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Ireland’s calm and collected James Ryan focused on South Africa challenge

‘They’re reigning world champions, we have a huge amount of respect for them and we know we’ve got to really step it up this week’

Ahead of next Saturday night’s momentous Rugby World Cup Pool B clash between Ireland and South Africa in the Stade de France, Paul O’Connell warned the players that the temptation might be to do more work than was needed. He advised them to trust in what they had done since the start of pre-season three months ago, in their good habits, in their training and in their drills.

Nor was this confined to last few months, but in the last two years as well. While the walk-throughs, conversations, video analysis and visualisation all still had to be done, the key to his message was to enjoy the week and when it was downtime, to switch off. Don’t get over-stressed.

No doubt he had some of his own playing days in mind, and perhaps the World Cup four years ago too, after which the IRFU high-performance director David Nucifora cited “performance anxiety” in his review of Ireland’s campaign.

One senses that no player in this squad is more influenced by, or more closely aligned to, O’Connell than James Ryan, and that their working relationship goes deeper than lineout coach and lineout caller.


Ryan was professional long before he ever turned professional and has always believed that the earlier he is all over his detail, the easier his run-in to the game.

“The early part of the week, and a big part of the week, is about giving me confidence, so I like to prepare very thoroughly on Monday and Tuesday and Wednesday in terms of all the detail,” said Ryan, exuding an ensuing calmness at his Wednesday media briefing at the squad’s base in Tours.

“Then I feel like in the run into the game on Thursday and Friday, that gives me the confidence to go in and be able to enjoy the game and build maybe the emotional energy that you need. That’s the way I’ve always kind of structured my week and I feel like it works for me but there probably was a stage of working out what plan works best for me. That’s kind of it, that’s the way I like to structure it.”

Continuing his form of last season, which was probably his best yet, Ryan is 27 now and has 57 caps already, all of which helps as well as familiarity with huge occasions such as this.

With experience comes less nerves? He’s not sure.

“Sometimes I think I get less nervous but then the gameday arrives and you’re having the pre-match meal or you’re hopping on the bus and driving into the stadium and you feel, ‘surely I haven’t felt as nervous as this?’ Do you know what I mean?” he says.

“I think I know how to manage the week a bit better now because of experience but I think there’s parts of the day like the pre-match meal and getting on the bus and those different things, I don’t think they ever change no matter how experienced you are; the nerves that come with that.”

The wearing of ear pods or headphones is virtually compulsory on match days, not least because the players’ musical tastes vary enormously. Andrew Porter’s preference for heavy metal would be a far distance from what Ryan “a bit of a mix to be honest” before revealing he is veering toward a British pop-rock band.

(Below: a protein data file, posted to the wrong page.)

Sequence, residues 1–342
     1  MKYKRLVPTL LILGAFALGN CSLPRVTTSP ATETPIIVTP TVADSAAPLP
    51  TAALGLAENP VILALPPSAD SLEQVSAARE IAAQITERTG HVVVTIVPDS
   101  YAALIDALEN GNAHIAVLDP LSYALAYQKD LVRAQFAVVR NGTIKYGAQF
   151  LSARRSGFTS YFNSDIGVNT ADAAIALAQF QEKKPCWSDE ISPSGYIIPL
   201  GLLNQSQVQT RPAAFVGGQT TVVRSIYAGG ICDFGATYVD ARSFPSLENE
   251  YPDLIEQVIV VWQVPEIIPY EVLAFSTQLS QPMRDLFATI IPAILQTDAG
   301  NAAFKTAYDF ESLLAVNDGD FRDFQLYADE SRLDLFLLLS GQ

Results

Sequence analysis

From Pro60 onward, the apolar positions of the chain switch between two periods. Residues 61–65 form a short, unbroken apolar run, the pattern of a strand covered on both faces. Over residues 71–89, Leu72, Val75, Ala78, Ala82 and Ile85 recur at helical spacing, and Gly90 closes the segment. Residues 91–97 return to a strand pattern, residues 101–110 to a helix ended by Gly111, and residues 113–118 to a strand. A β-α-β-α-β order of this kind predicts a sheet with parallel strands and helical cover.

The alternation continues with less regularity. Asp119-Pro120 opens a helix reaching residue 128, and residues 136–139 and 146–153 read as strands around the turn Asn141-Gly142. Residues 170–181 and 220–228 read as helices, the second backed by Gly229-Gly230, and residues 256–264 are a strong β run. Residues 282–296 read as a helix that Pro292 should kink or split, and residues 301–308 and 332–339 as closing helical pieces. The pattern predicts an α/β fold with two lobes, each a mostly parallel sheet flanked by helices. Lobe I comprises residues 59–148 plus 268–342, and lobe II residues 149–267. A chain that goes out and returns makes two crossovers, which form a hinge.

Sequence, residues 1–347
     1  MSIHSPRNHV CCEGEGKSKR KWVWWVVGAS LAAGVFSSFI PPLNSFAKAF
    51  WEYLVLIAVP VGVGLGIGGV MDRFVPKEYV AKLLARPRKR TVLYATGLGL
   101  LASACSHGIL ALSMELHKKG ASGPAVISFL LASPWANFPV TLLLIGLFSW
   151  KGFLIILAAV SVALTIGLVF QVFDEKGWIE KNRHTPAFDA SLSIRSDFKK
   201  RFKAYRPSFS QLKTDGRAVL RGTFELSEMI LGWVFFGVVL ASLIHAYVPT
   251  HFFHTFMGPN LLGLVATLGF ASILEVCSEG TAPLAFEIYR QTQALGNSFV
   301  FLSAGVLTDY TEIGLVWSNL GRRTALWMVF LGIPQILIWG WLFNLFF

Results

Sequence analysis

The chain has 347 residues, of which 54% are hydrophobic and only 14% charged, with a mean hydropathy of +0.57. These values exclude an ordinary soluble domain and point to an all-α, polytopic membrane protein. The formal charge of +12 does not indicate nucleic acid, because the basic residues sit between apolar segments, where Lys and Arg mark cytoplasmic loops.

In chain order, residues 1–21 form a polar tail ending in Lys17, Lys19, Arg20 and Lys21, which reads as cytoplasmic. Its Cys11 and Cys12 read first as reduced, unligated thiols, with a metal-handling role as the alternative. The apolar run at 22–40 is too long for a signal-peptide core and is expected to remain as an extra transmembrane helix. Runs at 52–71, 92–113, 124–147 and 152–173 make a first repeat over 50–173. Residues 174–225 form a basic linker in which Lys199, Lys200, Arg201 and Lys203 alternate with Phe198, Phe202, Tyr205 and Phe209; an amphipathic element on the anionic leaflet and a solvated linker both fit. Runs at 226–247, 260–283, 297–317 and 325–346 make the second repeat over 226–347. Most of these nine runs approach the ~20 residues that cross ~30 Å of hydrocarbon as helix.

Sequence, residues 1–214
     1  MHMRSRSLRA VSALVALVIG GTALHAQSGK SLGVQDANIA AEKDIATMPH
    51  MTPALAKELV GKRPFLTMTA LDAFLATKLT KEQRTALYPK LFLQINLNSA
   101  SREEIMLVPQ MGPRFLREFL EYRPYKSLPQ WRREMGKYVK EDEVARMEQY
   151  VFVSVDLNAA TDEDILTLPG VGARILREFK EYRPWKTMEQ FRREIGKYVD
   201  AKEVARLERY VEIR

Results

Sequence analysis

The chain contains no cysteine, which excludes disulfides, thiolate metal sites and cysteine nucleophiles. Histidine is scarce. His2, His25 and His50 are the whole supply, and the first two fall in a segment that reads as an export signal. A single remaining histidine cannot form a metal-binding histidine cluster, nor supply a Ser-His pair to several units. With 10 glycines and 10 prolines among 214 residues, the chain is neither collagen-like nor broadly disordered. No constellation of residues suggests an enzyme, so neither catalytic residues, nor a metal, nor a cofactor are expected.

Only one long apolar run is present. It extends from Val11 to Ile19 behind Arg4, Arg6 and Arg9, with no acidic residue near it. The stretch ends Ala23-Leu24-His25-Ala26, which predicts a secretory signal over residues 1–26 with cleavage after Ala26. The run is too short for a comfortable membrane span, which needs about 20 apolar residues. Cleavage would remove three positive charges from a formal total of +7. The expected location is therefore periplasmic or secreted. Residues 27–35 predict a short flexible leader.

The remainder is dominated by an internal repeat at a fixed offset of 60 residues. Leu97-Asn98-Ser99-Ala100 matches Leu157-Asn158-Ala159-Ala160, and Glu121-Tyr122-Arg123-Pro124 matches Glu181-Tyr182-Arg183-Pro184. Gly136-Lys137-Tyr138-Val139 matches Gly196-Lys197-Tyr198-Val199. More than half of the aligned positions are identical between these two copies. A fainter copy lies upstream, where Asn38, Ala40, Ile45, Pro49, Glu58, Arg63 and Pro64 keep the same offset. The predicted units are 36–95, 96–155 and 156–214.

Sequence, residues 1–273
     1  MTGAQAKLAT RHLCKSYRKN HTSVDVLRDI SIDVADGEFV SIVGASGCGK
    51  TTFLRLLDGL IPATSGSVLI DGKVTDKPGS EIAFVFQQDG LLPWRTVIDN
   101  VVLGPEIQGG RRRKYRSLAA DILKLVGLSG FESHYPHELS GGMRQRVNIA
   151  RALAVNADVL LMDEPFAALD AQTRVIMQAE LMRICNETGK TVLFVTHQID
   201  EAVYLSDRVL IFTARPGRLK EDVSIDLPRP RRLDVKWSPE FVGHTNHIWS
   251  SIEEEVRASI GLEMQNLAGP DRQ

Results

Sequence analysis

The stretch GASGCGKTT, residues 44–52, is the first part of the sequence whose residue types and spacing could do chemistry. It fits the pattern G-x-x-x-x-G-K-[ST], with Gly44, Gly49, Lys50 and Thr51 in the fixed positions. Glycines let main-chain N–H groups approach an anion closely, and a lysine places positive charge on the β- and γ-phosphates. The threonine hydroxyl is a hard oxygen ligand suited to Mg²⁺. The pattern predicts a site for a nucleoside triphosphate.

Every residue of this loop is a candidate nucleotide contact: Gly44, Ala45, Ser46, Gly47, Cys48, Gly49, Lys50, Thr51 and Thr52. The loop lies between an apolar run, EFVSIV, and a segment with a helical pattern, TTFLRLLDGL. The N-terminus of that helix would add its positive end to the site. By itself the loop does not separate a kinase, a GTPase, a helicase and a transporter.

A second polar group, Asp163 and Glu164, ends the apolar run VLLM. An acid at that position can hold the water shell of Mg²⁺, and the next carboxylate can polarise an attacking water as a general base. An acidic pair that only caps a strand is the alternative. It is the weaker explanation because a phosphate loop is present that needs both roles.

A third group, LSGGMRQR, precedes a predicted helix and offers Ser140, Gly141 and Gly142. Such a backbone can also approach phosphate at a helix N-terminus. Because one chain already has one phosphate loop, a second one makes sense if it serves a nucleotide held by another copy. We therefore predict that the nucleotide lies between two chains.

“I like The 1975 at the moment. They work well for me, nice and mellow, not too much. They don’t tip me overboard,” he says.

Although a 9pm kick-off can certainly make the day drag, this didn’t bother Ryan last week when Ireland played Tonga at the same time in Nantes.

“I actually didn’t mind it at all. I tried to sleep in for as long as I could. I probably go to bed a little bit later on the Friday night, just because you know the game is so late on Saturday night.

“So, I tried to sleep in as long as I could. And then [I] did a little bit of prep mid-morning. Went back to bed and there was some rugby on to distract myself a bit.

“Some lads kind of split it into two days almost. They got up early, had breakfast and stuff and then went back to bed for a good few hours.

“But I was okay with it. I think the Samoan game probably helped as well. We got a bit of a taste of it in Bayonne. So, hopefully this week, it will be a bit easier for us as a group to get around it.”

So what time does he switch into match mode?

“Probably when we get on the bus, around seven o’clock I’d say, I kind of switch into match mode. But even so, I try to stay nice and calm and chill out. Not get revved up too early. When you get to the stadium, that’s when you are properly in the zone.”

Whenever it comes to making the switch into match mode, it shouldn’t be difficult.

“They’re the reigning world champions, we have a huge amount of respect for them and we know we’ve got to really step it up this week. So there’s that added little pressure that comes with the week but we’re very excited. Getting to play the world champions in Paris, Stade de France, World Cup week, 30,000 Irish supporters in the stadium, it is very exciting. It’s a cool week to be involved.”

Gerry Thornley

Gerry Thornley

Gerry Thornley is Rugby Correspondent of The Irish Times